science diplomacy

Since the end of the Cold War, deepening globalization has generated the possibility that science diplomacy may help states solve common challenges - in the areas of food, water, energy, climate, and health - that do not respect territorial boundaries. Science diplomacy refers to the way in which states make use of scientific knowledge to diplomatically represent themselves and their interests in the international arena.

"The contents of the MoU include broadening of scientific and cultural relations, preparing the grounds for cooperation between the two countries' scientific and cultural bodies and holding joint scientific, literary and research conferences," the Iranian cultural attaché told reporters in Dushanbe on Wednesday.

The Ugandan president committed to meeting with American “experts” on homosexuality to try to change his mind about the Anti-Homosexuality Act signed into law last month, U.S. Secretary of State John Kerry said on Tuesday during a forum at the State Department moderated by BuzzFeed.

On February 23, two giant pandas arrived in Belgium on a 15-year loan, where they received a red-carpet welcome. Among those waiting on the tarmac were 2000 people, many of them excited kids, and also the Belgian Prime Minister Elio Di Rupo.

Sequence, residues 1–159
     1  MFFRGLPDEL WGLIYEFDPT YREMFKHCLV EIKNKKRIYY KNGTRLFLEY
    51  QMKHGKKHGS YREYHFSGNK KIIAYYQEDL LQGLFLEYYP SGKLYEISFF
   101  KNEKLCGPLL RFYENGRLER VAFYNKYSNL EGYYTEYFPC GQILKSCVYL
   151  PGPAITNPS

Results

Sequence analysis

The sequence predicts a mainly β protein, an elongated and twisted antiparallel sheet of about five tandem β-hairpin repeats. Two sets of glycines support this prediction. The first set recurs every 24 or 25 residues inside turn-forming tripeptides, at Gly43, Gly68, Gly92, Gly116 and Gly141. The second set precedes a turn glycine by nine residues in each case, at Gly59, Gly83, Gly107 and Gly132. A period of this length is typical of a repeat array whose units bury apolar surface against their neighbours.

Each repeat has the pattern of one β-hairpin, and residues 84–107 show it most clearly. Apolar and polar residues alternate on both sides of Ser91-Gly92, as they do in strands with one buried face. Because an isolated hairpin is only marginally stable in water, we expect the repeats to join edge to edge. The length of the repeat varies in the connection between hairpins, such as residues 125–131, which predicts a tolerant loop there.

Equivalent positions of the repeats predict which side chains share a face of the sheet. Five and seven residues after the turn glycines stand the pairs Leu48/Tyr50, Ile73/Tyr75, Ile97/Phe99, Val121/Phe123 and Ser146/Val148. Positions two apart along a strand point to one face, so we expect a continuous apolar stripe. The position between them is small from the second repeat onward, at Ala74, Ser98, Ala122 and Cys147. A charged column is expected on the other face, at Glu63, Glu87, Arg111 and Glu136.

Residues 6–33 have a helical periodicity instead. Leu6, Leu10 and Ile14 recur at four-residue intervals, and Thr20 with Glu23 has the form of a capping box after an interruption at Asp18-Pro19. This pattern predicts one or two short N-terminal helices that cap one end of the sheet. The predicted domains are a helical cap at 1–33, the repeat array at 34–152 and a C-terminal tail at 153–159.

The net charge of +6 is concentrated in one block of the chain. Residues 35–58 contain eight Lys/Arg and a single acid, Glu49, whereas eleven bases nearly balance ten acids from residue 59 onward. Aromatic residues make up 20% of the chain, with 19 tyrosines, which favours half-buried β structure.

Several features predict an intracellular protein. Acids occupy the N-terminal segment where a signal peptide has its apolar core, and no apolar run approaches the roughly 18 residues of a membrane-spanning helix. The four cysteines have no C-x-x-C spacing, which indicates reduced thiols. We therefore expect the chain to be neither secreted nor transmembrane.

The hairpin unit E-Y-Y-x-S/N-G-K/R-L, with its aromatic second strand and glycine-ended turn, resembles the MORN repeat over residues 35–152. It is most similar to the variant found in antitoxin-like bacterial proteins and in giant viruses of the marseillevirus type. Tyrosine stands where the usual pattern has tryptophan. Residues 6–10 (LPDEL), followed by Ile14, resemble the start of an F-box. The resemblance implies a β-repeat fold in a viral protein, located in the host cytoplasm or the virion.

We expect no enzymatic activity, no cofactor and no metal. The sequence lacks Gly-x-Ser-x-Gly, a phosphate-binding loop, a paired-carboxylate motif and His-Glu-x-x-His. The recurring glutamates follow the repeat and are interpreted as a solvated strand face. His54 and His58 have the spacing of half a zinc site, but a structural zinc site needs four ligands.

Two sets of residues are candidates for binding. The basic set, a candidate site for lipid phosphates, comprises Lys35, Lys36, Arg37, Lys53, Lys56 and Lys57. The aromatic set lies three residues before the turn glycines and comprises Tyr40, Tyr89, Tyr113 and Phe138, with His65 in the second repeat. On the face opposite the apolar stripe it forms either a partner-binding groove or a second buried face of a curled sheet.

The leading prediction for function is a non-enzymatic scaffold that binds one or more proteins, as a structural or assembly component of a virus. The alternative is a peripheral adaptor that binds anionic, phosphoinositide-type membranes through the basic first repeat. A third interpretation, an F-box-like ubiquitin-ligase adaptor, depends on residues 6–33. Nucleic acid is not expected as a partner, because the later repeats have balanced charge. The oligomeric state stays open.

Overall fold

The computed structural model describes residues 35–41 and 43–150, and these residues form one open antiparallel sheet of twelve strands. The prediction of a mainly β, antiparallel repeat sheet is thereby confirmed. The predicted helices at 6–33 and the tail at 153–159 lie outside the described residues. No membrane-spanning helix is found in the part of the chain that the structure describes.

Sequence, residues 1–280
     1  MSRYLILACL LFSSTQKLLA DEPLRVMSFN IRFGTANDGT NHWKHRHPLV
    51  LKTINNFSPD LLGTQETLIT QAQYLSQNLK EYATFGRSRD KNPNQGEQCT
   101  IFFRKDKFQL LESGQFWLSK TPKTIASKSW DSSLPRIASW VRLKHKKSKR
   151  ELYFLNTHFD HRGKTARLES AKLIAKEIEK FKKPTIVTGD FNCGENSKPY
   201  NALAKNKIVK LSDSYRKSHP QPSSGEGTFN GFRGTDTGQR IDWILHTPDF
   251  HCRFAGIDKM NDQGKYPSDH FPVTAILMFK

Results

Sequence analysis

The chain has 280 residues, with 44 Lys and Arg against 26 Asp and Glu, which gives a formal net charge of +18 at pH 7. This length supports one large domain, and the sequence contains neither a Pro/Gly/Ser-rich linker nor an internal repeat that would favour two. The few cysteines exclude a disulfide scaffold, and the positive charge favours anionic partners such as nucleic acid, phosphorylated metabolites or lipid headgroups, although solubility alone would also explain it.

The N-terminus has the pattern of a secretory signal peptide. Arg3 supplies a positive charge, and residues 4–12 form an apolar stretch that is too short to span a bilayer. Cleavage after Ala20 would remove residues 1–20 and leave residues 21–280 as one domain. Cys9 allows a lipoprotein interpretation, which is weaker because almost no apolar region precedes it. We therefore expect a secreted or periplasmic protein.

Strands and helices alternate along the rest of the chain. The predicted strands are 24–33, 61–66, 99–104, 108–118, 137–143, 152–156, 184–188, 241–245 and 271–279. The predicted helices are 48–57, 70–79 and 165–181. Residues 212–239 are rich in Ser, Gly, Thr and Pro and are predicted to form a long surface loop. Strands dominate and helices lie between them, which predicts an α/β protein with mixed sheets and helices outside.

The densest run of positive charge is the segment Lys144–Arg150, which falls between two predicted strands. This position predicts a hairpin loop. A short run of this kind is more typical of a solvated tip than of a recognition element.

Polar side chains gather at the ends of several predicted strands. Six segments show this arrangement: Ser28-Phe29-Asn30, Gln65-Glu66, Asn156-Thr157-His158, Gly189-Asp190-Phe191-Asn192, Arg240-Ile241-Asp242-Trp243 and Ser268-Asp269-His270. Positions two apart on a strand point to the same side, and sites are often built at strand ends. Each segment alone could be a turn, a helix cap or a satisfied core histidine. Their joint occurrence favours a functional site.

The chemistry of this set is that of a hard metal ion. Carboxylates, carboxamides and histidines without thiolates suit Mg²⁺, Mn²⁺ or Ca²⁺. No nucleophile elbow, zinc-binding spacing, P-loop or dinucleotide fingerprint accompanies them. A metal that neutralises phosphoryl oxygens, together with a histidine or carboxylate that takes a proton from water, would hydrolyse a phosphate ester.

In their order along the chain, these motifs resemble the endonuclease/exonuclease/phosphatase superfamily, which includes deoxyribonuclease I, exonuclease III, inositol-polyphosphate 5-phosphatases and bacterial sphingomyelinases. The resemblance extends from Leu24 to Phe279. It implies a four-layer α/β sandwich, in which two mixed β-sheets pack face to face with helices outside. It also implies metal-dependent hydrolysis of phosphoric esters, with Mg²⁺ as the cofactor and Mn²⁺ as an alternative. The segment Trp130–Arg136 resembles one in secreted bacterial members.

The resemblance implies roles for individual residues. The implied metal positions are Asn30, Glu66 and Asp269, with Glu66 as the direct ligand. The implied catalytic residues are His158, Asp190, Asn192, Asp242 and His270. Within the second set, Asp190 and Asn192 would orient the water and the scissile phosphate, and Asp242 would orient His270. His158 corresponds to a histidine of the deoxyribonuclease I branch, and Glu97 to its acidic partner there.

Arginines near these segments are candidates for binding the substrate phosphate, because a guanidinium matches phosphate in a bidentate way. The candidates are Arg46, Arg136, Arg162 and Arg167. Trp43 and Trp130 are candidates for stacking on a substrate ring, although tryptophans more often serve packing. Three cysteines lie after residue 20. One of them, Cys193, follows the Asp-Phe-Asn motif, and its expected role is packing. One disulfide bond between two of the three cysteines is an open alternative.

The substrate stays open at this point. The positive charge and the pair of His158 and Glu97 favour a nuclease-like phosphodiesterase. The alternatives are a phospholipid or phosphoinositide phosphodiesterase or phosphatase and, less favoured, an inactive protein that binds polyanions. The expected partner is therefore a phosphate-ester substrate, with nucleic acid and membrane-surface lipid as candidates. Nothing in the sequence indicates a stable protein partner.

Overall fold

December 25, 2013

In the early hours of Saturday morning (Beijing time), a Bolivian telecommunications satellite launched from the Xichang Satellite Launch Center in China’s Sichuan province, Xinhua reports. The launch, observed by Bolivian President Juan Evo Morales Ayma, was one more example of China’s growing space diplomacy.

On December 9, 2013 at the World Bank senior officials from the Israeli, Jordanian, and Palestinian governments signed a Memorandum of Understanding (MoU) to jointly manage the shared water resources of the Red Sea, Jordan River, and the Sea of Galilee (commonly known as the Lake Tiberias or the Kineret).

Infectious diseases that leave victims with cognitive deficits or malnutrition instead of killing them do not typically elicit fundraising galas or research dollars, especially when the illnesses disproportionately impact the poorest of the poor. But a new coalition of funders is now trying to throw these neglected diseases a financial lifeline.

The United Nations General Assembly may approve a plan soon for the world's space agencies to defend the Earth against asteroids. The plan, introduced last week, is expected to be adopted by the General Assembly in December. It would do two things: create an International Asteroid Warning Network so countries can share what they know about asteroids; and spin up a group of scientists from several countries' space agencies to look for smaller asteroids, as well as make plans to divert them away from the Earth.

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